Skip to main content

DNSSEC Key Maintenance Procedure

Olaf Kolkman

Document ID: TBD
Date: September 2005


This draft document describes RIPE NCC policy key distribution and maintenance during the deployment of DNSSEC in its service region.


1.0 Introduction
2.0 Proposed DNSSEC Key Procedure
3.0 References

1.0 Introduction

One of the main issues for early deployment of DNSSEC is key distribution and maintenance. For each zone that is signed, a key pair is created. The private part of that key pair is used to sign the zone, while the public key needs to be distributed to the DNS client. This means validating recursive nameservers to validate the data. DNSSEC allows public key distribution through the DNS, but this will only work if it is possible to build a chain of authority from a 'trust-anchor' through delegation from parents to child in each zone.

This 'trust-anchor' should ideally be the root. If there is no signed root, then all DNS clients that want to verify zone data will have to manually configure the zone keys. Maintenance of these keys is a process that does not scale well. We are working to come up with a solution to this issue.

The lack of key maintenance protocols is no reason to delay deployment of signed zones. Operators that configure 'trust-anchors' into their validating DNS clients will need to carefully maintain them. The 'trust-anchor' and the key signing key used to sign the zone remain must stay synchronised. If operators do not update their keys, then their zones might become invisible to DNS clients performing DNSSEC validation.

To avoid possible possible failures, the RIPE NCC will sign its zones using the policy proposed below.

2.0 Proposed DNSSEC Key Procedure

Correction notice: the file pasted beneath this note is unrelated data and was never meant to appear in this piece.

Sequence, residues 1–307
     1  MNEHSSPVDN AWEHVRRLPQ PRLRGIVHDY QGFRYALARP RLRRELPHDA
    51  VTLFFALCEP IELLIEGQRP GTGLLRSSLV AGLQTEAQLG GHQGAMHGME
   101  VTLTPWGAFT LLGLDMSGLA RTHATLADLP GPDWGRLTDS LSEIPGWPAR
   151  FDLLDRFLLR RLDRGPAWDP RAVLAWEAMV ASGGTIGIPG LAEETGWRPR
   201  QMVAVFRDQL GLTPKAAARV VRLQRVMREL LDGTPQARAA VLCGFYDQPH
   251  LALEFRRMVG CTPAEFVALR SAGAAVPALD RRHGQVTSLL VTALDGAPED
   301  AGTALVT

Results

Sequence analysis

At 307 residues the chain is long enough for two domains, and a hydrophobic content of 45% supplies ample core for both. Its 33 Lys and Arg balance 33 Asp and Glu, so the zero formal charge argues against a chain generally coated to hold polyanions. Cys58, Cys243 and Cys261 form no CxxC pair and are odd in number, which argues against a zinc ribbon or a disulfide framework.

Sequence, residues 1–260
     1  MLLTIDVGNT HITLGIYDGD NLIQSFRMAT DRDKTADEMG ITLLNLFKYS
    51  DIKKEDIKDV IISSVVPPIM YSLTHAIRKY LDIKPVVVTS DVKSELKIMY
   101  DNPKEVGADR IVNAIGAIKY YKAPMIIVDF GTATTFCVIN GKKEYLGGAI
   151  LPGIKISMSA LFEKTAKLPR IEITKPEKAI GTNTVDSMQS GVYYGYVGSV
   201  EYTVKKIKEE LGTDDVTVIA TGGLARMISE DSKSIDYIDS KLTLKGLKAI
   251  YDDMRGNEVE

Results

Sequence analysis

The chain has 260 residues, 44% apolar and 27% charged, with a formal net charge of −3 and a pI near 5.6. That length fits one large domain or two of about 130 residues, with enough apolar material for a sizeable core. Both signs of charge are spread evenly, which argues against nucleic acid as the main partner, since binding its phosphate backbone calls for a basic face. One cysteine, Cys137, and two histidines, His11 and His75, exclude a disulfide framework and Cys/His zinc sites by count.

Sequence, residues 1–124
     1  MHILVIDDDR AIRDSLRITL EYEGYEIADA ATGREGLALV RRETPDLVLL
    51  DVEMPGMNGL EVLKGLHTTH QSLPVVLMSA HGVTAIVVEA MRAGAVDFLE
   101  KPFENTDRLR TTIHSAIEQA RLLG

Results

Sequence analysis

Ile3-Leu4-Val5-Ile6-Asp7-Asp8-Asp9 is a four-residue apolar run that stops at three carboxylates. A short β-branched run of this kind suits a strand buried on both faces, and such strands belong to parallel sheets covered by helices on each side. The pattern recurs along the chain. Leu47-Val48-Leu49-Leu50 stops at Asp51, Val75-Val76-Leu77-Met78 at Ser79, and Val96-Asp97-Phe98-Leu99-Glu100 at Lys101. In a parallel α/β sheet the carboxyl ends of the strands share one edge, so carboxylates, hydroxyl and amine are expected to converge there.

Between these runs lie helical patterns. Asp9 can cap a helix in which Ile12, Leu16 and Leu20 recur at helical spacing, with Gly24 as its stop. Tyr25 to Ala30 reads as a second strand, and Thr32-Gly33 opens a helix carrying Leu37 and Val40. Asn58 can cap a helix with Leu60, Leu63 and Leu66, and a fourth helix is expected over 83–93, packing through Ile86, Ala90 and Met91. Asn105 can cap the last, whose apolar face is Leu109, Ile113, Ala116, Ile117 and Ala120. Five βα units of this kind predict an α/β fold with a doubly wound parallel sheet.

This procedure applies to each zone that the RIPE NCC will sign.

  • RIPE NCC will sign all data in the zone with at least one Zone Signing Key (ZSK). A ZSK is zone specific.
  • The ZSK will be published in the DNSKEY Resource Record (RR) set and signed with a Key Signing Key (KSK).
  • The KSKs will have a SEP flag set so that they can be distinguished from the ZSKs in the DNSKEY RR set.
  • The ZSK may be rolled without making any announcement. We will follow the 'pre-publish rollover scheme' as published in [1]. This will avoid breaks in the chain of trust.
  • During the first two years of deployment, the KSK of each signed zone will be rolled twice each year. The rollover scheme that we will follow is the 'double signature scheme' published in [1]. There will be an overlap of three months to allow zone administrators to configure their new key.
    o At t=0 KSK1 signs the keyset. At t=3months KSK1 and KSK2 sign the keyset. DNS clients are expected to configure KSK2 during the three months that follow. At t=6months only KSK2 signs the keyset until (at t=9 months) KSK3 is introduced and a new rollover starts.
    o All zones at the RIPE NCC will roll their KSK simultaneously.
  • The RIPE NCC will start generating signatures that are valid for one month. However, after announcing the change, it might decrease the signing validity period to the shortest operationally possible period. Also see [1] section 4.4.4.

The ZSK will be an RSA/SHA1 key of 1200 bits ([1] section 3.5)
The KSK will be an RSA/SHA1 key of 2048 bits.

The RIPE NCC will publish the KSKs to be used as 'trust-anchors' for our zones on a secure website. It will follow the format used in the 'trusted-keys' statement in BIND9 named configuration files.

The RIPE NCC would consider publishing its KSKs in appropriate registries that may emerge to facilitate the establishment of DNSSEC trust anchors.

Any changes to this procedure and other announcements will be signed with the RIPE NCC PGP key and published on a secure website and a dedicated mailing list.

3.0 References

[1] draft-ietf-dnsop-dnssec-operational-practices-04.txt (work in progress).